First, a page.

/ Featured / Major $183 Billion Boost to California’s Economy Expected Over 10 Years from Transportation Investments in Senate Bill 1

Major $183 Billion Boost to California’s Economy Expected Over 10 Years from Transportation Investments in Senate Bill 1

Parul Dubey on March 1, 2018 - in Featured, Transportation

(WASHINGTON) – A comprehensive new analysis finds that an April 2017 California law will generate nearly $183 billion in economic activity and user benefits throughout all sectors of the state’s economy over 10 years. The additional demand, in turn, will also support or create an average of over 68,200 jobs per year, adding up to over 682,000 job-years over the next decade—with over half coming in sectors outside of the construction industry.

The 62-page analysis, conducted by American Road & Transportation Builders Association (ARTBA) Chief Economist Dr. Alison Premo Black, examines the numerous impacts of Senate Bill 1 (SB 1)—the Road Repair and Accountability Act of 2017. The measure included $5 billion annually in new investments for the state’s highways and local streets, bridges and transit systems.

“SB1 is not only providing economic benefits for the California economy over the next decade,” Black said, “but will also provide infrastructure improvements that will lay the foundation for economic growth for the next generation.”

Black’s analysis quantifies the safety benefits, lower operating costs, reduced congestion, modernized equipment and increased mobility that will result over the next decade from the increased investment in SB 1. Among the key findings:
• Total user benefits will average $3.8 billion each year, or $38.2 billion, in savings for drivers, transit riders and businesses—an annual savings of nearly $300 per household.

• SB 1 will support the repair, repaving and reconstruction of over 84,000 lane miles on nearly 19,000 miles of roadway, including more than 18,300 lane miles of urban interstate and 7,000 lane miles of rural interstate.

• Better roads mean safer roads, adding up to $584 million in additional safety benefits, including reduced costs from highway crashes, fatalities and property damage.

• Operating costs for drivers will decrease by an average of $818 million per year, or $8.2 billion over the next 10 years.

• The increased investment will help ensure the replacement of an additional 556 bridges, resulting in 387 fewer structurally deficient or functionally obsolete bridges.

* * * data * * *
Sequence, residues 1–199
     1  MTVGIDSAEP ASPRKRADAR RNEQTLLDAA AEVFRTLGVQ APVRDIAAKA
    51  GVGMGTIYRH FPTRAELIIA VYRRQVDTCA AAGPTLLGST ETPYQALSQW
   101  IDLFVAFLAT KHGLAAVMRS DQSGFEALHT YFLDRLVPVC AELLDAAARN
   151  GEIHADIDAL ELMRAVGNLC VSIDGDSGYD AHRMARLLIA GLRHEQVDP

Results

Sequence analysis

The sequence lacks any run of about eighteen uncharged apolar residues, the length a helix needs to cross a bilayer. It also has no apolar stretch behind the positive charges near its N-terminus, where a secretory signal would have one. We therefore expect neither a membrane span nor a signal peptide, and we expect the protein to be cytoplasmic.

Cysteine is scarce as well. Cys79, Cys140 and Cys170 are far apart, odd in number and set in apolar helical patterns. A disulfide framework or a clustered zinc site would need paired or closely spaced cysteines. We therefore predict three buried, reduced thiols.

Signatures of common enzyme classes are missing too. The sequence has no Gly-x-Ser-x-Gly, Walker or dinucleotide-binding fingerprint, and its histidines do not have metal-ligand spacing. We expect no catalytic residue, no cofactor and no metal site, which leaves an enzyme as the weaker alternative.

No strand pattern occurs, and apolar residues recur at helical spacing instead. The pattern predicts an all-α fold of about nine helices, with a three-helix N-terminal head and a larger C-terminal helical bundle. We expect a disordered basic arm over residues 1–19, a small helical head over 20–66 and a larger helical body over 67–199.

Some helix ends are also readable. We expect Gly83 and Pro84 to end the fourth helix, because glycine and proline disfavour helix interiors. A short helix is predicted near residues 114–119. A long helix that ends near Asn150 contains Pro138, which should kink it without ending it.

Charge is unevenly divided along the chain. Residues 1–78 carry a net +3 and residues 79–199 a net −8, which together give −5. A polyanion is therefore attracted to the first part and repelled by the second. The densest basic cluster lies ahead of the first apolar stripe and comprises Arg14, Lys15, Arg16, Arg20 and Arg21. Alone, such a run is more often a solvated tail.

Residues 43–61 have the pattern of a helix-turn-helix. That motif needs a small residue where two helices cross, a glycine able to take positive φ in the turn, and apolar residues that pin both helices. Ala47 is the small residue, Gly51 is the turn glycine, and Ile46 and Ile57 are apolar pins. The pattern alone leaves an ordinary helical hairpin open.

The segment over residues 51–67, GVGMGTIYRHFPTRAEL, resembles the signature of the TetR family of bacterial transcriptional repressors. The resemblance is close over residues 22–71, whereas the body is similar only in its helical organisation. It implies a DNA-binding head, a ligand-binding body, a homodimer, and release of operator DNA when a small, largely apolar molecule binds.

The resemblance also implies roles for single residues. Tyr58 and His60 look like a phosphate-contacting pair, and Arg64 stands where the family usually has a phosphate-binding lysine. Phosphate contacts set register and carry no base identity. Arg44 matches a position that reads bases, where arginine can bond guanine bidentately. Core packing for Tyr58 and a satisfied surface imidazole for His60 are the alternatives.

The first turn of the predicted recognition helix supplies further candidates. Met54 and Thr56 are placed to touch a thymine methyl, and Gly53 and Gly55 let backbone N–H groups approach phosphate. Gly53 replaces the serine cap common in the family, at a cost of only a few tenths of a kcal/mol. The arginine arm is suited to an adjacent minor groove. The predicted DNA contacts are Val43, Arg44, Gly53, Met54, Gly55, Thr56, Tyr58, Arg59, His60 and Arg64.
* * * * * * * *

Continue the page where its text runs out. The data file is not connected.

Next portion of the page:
The additional direct and indirect economic impacts over the 10-year period are also significant:
• $145 billion in additional output and earnings, which will contribute $58 billion to gross state product.

• Sales and output by businesses in all sectors will increase by $112 billion.

• The over 682,000 new jobs created will result in $33 billion in additional earnings, which will also help prime economic growth.
The study was commissioned by the California Alliance for Jobs, California Transit Association, and Transportation California.

About ARTBA: Established in 1902 and with more than 8,000 public and private sector members, ARTBA advocates for strong federal investment in transportation to meet the public and business community demand for safe and efficient travel.

Since 2000, Dr. Black and her team have authored more than 80 national and state studies examining transportation/bridge funding and investment patterns. Dr. Black has a Ph.D. in economics from the George Washington University and a master’s in international economics and Latin American Studies from the Johns Hopkins School of Advanced International Studies.

About the Report’s Methodology: The analysis incorporated two models: 1) Federal Highway Administration’s (FHWA) Highway Economic Requirements System-State Version (HERS-ST), which estimates the investment needs for California on the National Highway System, using the same techniques as those employed by FHWA when preparing the federal “Needs and Conditions” report to Congress on the U.S. transportation network; and 2) FHWA’s National Bridge Inventory Analysis System (NBIAS), which is used to estimate the investment needs for bridges in California, also based on the techniques in the “Needs and Conditions” report

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